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Greenwich Rallies Support for Newtown, Gun Control

Supporters at the Greenwich Council Against Gun Violence rally at Greenwich Town Hall, March 8, 2014. Photo credit: Barbara Heins.
Supporters at the Greenwich Council Against Gun Violence rally at Greenwich Town Hall, March 8, 2014. Photo credit: Barbara Heins.

There's no forgetting the tragedy of the Sandy Hook School shootings in Newtown of December 2012.

And the memories of that tragic day when 20 school children and their six teachers and principal lost their lives in a hail of bullets at the hand of a crazed gunman were memorialized in Newtown, Ridgefield and Greenwich on Saturday.

In each town, supporters for stricter gun laws — specifically, background checks at the top of the list — rallied to show support of Team 26, a group of cyclists who embarked on a four-day, 400-mile bike ride to Washington, D.C.

The group expects to arrive in Washington on Tuesday, March 11 and US Sen Richard Blumenthal and US Rep. Jim Himes say will be there to meet them, just as they were at stops along the way on Saturday. And in Washington, the group plans to deliver the message that was expounded in Greenwich on Saturday afternoon: background checks are needed for all gun-carrying residents and assistance should be provided for the mentally unstable.

Hope, peace, love.

"They are not just concepts but a way of life," U.S. Sen. Richard Blumenthal of Greenwich said to about 200 people gathered outside Greenwich Town Hall on a sunny yet gusty Saturday afternoon. Those gathered cheered Team 26, along with a contingent of Greenwich cyclists — including Himes, who rode from Newtown to Greenwich for a rally organized by the Greenwich Council Against Gun Violence.

"I will never forget the sights and sounds of the parents who left the Newtown firehouse knowing they would never see their children again," Blumenthal said. "It haunts me and will forever, and it should haunt everyone and should change America ... that we are not giving up and taking 'No' for an answer."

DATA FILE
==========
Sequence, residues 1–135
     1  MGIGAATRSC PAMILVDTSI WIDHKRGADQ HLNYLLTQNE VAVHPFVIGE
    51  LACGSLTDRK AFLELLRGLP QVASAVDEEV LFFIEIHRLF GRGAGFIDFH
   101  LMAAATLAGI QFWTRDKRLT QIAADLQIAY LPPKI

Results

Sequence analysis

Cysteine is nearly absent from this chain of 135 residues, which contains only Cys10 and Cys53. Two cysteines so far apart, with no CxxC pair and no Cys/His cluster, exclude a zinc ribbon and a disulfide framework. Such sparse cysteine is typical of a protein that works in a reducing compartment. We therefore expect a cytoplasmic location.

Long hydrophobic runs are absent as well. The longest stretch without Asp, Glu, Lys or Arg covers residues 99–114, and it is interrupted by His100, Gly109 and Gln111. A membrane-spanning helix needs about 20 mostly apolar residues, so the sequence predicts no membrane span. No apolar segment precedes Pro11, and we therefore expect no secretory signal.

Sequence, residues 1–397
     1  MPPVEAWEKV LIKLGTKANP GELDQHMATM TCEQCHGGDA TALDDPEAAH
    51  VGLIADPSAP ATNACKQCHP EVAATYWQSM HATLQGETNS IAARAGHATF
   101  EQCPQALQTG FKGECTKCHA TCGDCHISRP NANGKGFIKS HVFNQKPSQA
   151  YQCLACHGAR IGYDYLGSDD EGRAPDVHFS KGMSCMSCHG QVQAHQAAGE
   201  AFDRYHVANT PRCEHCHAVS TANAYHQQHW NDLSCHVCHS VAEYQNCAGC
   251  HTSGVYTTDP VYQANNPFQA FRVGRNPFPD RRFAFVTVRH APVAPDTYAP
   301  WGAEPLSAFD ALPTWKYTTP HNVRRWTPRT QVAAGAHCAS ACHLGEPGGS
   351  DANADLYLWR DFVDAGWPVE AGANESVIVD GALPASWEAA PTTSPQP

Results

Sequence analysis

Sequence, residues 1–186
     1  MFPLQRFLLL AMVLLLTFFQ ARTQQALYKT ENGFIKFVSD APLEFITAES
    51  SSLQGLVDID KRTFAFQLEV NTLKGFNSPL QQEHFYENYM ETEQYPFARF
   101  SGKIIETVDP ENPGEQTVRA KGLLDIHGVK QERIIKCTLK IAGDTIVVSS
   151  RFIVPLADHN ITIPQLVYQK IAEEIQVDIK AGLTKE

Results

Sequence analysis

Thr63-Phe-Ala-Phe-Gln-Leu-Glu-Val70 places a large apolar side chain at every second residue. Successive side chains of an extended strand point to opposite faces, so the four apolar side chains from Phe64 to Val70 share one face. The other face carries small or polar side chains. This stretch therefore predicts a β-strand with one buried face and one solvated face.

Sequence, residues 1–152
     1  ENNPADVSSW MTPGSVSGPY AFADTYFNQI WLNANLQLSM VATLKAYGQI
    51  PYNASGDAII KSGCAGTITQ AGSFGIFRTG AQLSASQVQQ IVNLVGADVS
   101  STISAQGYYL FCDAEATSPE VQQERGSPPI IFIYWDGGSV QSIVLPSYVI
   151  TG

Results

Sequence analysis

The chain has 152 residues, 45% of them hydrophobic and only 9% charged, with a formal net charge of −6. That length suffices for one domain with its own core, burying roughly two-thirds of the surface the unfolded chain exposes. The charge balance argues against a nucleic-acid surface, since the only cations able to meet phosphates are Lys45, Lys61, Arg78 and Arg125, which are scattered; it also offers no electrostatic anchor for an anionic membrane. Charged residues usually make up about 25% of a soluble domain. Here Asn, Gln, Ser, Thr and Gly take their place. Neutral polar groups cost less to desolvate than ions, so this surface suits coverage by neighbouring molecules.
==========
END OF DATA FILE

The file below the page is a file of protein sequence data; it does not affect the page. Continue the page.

All of the speakers referred back to the lack of a majority in the U.S. Senate last spring which defeated a motion requiring background checks for future gun-owners.

Blumenthal said that that December day in Newtown "was one of the worst days of my life. And one of the worst days of my life also was last April when the Senate failed to pass background checks."

The rolling rally
Himes, a Cos Cob resident, joined Team 26 in Newtown and cycled with the to Ridgefield and then Greenwich. 

"It was about 50 to 60 miles, given the route they chose ... and potholes,"said Himes, who predicted he would spend the rest of the day in a hospital emergency room. "I work out but I don't ride ... maybe next year, I'll join them for the whole ride."

The team left Greenwich, riding through the Glenville neighborhood of town, before pedaling through Purchase, NY, headed for Harlem and Morristown, NJ, before continuing on to Washington.

Gun Violence Doesn't Discriminate

Newtown dad Monty Frank, a Team 26 member, recalled how one of his daughter's teacher was slain in the Sandy Hook attack. He described his fellow cyclists as "bike messengers" who will deliver the message to Congress that "gun violence doesn't discriminate against urban violence and the one traffic-light town where I live."

YANA
You Are Not Alone (YANA) is a group of Bridgeport women who've lost loved ones because of gun violence.

The group of women, clad in red sweatshirts stood at the podium that also included Connecticut Attorney General George Jepsen. "We join this effort," said Dawn Spearman, a founder of YANA. "A gun is a gun and violence is violence."

She comforted a fellow YANA member who broke down while speaking. Nicole, who didn't give her last name, said, the group wants to elicit more support for gun-control legislation. But, she said, unfortunately, when the group gains a new member "it's not a good thing" — it means another woman has lost a loved one to gun violence.

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